Fires still rage in Australia

Last updated 20:09 20/01/2014

Relevant offers

Australia

Burning vehicle and anti-Islam graffiti found outside Aussie mosque Doctor 'fixated' on wrong diagnosis before his patient died, court hears A cow, a donkey and a pony walk into the Humpty Doo Hotel Men taken to hospital after accidentally making toxic gas in their yard Same-sex marriage will be my first bill, Australian Opposition Leader Bill Shorten promises Kiwi, Aussies abducted in Nigeria recovering Family devastated after photos of son stolen a day before his funeral Allegedly fake Australian gynaecologist on rape charges Guilty verdict in chilly bin killing This Sydney street will be ripped and relaid 24 times

Firefighters are still battling blazes across South Australia, which have been estimated to have caused A$10 million (NZ$10.6m) worth of property damage.

But the Country Fire Service (CFS) says that only the Bangor fire in the Southern Flinders Ranges remains subject to a watch and act alert.

Premier Jay Weatherill this afternoon visited the firegrounds at Eden Valley in the Barossa.

After being briefed by the CFS, he told journalists that property losses included 16 homes, 33 other buildings, about 18 vehicles, kilometres and kilometres of fencing and about 1700 head of stock.

Preliminary estimates put the damage loss about A$10 million, the premier said.

State forest loss in the state's mid-north was in the order of A$7 million, he added.

The government was providing assistance and support to people at the 200 affected farm properties.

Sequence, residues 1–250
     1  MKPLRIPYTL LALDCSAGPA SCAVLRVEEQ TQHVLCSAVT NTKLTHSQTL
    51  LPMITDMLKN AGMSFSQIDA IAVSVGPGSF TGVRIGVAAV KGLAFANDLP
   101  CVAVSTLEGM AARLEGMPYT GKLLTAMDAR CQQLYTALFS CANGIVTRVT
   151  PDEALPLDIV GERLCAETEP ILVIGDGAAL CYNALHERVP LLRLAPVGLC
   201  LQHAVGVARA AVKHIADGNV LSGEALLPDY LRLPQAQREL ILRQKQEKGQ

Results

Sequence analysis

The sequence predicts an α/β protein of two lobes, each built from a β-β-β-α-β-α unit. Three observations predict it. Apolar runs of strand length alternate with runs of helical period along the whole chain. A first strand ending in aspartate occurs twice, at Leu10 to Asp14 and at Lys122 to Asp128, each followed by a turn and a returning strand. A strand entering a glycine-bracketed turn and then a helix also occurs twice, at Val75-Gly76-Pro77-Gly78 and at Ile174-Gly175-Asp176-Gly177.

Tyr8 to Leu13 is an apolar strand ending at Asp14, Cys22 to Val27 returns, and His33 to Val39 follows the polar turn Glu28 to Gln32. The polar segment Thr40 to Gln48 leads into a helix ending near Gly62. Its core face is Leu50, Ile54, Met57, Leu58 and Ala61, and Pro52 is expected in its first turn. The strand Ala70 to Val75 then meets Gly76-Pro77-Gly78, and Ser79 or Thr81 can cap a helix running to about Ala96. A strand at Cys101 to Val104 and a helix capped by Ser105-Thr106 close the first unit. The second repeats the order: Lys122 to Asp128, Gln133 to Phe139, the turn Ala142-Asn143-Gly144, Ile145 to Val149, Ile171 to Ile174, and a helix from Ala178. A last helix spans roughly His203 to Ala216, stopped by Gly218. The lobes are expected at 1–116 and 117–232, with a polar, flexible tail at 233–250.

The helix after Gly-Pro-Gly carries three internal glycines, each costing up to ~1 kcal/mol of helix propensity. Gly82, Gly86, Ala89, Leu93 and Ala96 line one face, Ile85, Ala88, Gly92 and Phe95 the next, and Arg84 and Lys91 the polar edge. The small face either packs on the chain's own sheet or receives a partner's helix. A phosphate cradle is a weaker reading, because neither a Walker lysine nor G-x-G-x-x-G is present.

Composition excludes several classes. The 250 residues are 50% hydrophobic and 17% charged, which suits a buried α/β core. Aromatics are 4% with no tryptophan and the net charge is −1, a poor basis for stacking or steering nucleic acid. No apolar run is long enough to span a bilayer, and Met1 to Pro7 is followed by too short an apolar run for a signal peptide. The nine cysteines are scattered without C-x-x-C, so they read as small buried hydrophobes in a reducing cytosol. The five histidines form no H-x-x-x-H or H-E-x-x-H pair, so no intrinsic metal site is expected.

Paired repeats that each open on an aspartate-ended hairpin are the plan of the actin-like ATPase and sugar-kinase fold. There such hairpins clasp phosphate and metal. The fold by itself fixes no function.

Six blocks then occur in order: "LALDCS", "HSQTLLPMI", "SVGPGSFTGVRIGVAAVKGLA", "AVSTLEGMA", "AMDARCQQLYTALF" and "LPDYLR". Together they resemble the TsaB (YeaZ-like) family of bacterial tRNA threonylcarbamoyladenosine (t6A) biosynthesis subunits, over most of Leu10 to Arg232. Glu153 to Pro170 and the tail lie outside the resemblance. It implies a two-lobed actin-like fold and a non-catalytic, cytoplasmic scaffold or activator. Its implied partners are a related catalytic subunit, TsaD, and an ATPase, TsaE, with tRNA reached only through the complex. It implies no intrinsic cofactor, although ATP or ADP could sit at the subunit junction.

He repeated his thanks to the volunteer firefighters, saying their extraordinary and courageous effort meant many losses were averted in the face of a very frightening fire.

"There have been some incredible saves, but also some tragic losses," Weatherill said.

Tour Down Under organisers earlier confirmed that stage one of the race would go ahead after earlier fears it might have to be cancelled due to the bushfires.

The two races are in the Barossa region and will finish at Angaston.

The premier said this was great news for people in the Barossa who had put up with a "very frightening and, in some cases, damaging experience" and who would now get to celebrate the race.

"It would have been a cruel thing if it was taken off them, just at a time when it was going to bring a lot of money into the economy," he said.

The race also would give them something happy to focus on, he added.

More than 445,000 hectares of grass, scrub, forest and bushlands has been burnt since fires started last Tuesday.

Ad Feedback

- AAP

Special offers

Featured Promotions

Sponsored Content